Sewing nook brings comfort for Carmel

Sewing nook brings comfort for Carmel

When Carmel Holla moved into Resthaven Mount Gambier, she was determined to continue her lifelong love of sewing.

So it was that she set about converting part of her room at the residential aged care home into a state-of-the-art ‘sewing corner’, complete with sewing machine, overlocker, drawers of buttons and bobs, and colourful fabrics ready to go.

“I have been a sewer ever since I was about 10, Mrs Holla said.

“I used to watch my mum, a qualified tailoress.

“My sister and my daughter are qualified tailors too, so even though I’m not qualified myself, I think I have enough experience.”

Mrs Holla was born in Coffs Harbour, New South Wales, the daughter of an Indian mother and Norwegian father who was in the merchant navy.

Despite the family history of tailoring, Mrs Holla decided to become a nurse, beginning her training at age 16 in 
1965.

“There were some interruptions to my career though, and I got my veil and stripes in 1980,” she said.

There certainly were interruptions; Carmel has not had an easy life.

Married for the first time at age 18, Carmel and her first husband, Harris, went on to have five children, three boys and two girls.

Sadly, all three boys died soon after birth.

Whilst Mrs Holla was pregnant with their fifth child, her husband developed a brain tumour.

At age 26, following the birth of her fifth child, a son who lived for just a week, Mrs Holla developed septicaemia and required a hysterectomy.

Whilst she was in hospital recovering from surgery, Mr Holla was also in hospital undergoing chemotherapy.

He died not long after.

Mrs Holla raised the children as best she could, and went on to meet her second husband Ron.

Unfortunately, Ron died of a heart attack.

In 1988, Mrs Holla broke her back whilst making a bed at work, causing paraplegia.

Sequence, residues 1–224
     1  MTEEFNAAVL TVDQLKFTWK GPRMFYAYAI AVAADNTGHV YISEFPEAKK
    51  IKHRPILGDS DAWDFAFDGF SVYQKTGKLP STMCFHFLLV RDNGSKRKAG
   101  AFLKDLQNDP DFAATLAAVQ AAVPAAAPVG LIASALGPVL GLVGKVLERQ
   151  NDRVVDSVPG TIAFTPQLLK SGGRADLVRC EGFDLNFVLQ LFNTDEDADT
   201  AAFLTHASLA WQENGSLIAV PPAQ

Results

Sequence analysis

“I have been in a wheelchair for 36 years,” she said.

In 2011, Mrs Holla moved to South Australia to be close to her daughter and grandchildren, moving into a local retirement village in Mount Gambier.

She lived there for seven years.

“I’d lost three sons and two husbands, and I said I’d never marry again – but then I met John,” she said.

“We were both widowers, and he was so good to me.”

The couple moved into Resthaven Mount Gambier in June 2023.

“John was sick, and I could not live on my own,” Mrs Holla said.

“But as soon as we moved in, John settled down really well. Our love was amazing.”

Sadly, John died in January 2024.

Mrs Holla now finds comfort in her sewing nook, where a large photo of John hangs on the wall beside her colourful cottons and yarns.

“We would have been married for four years this year,” she said.

Turning to look at his photograph with a wry smile, Mrs Holla said “and then you went and died, didn’t you!”

“I’m sure he’s watching.”

Waggling her finger at John’s smiling portrait, she added “and I’m watching you!”

Despite her many trials in life, Mrs Holla continues to maintain a positive attitude that is cherished in the Resthaven Mount Gambier community – along with her beautiful sewing projects.

“I make girls dresses, dolls clothes, Bible bags, knitting bags, all sorts,” she said.

“I give a lot of things away, but people also buy them.

“People ask me to make things for them when they’re having a baby, or need a gift.

“I just love sewing.”

Mrs Holla also enjoys a thriving social life in the home, with a large group from her former retirement village moving in at around the same time.

“I moved in and brought all my friends in with me,” she said.

“I’m so happy here. I have never been treated like this.

“I have always been the one doing 
the hard work, and now I’m being looked after for the first time in my life; I do 
not have any stress or strain.

“No one understands how much I appreciate what they do.”

Whilst enjoying the comforts of being looked after, it’s hard for Mrs Holla to break the habit of a lifetime, and she still insists on cleaning her own room.

“They do everything for you, if you want them to,” she said.

“But I love to clean my own room. I do let the staff clean the floors.

“I also like to clean the banisters in the hallways and dust the tops of the doors and the paintings.

“The carers and nurses and (manager) Belle are so wonderful to me.’

“I struggle of course, like everybody does at my age, but you cannot change anything by grizzling.

“It’s been a bit of a traumatic life, but it must have been meant to be somehow.”

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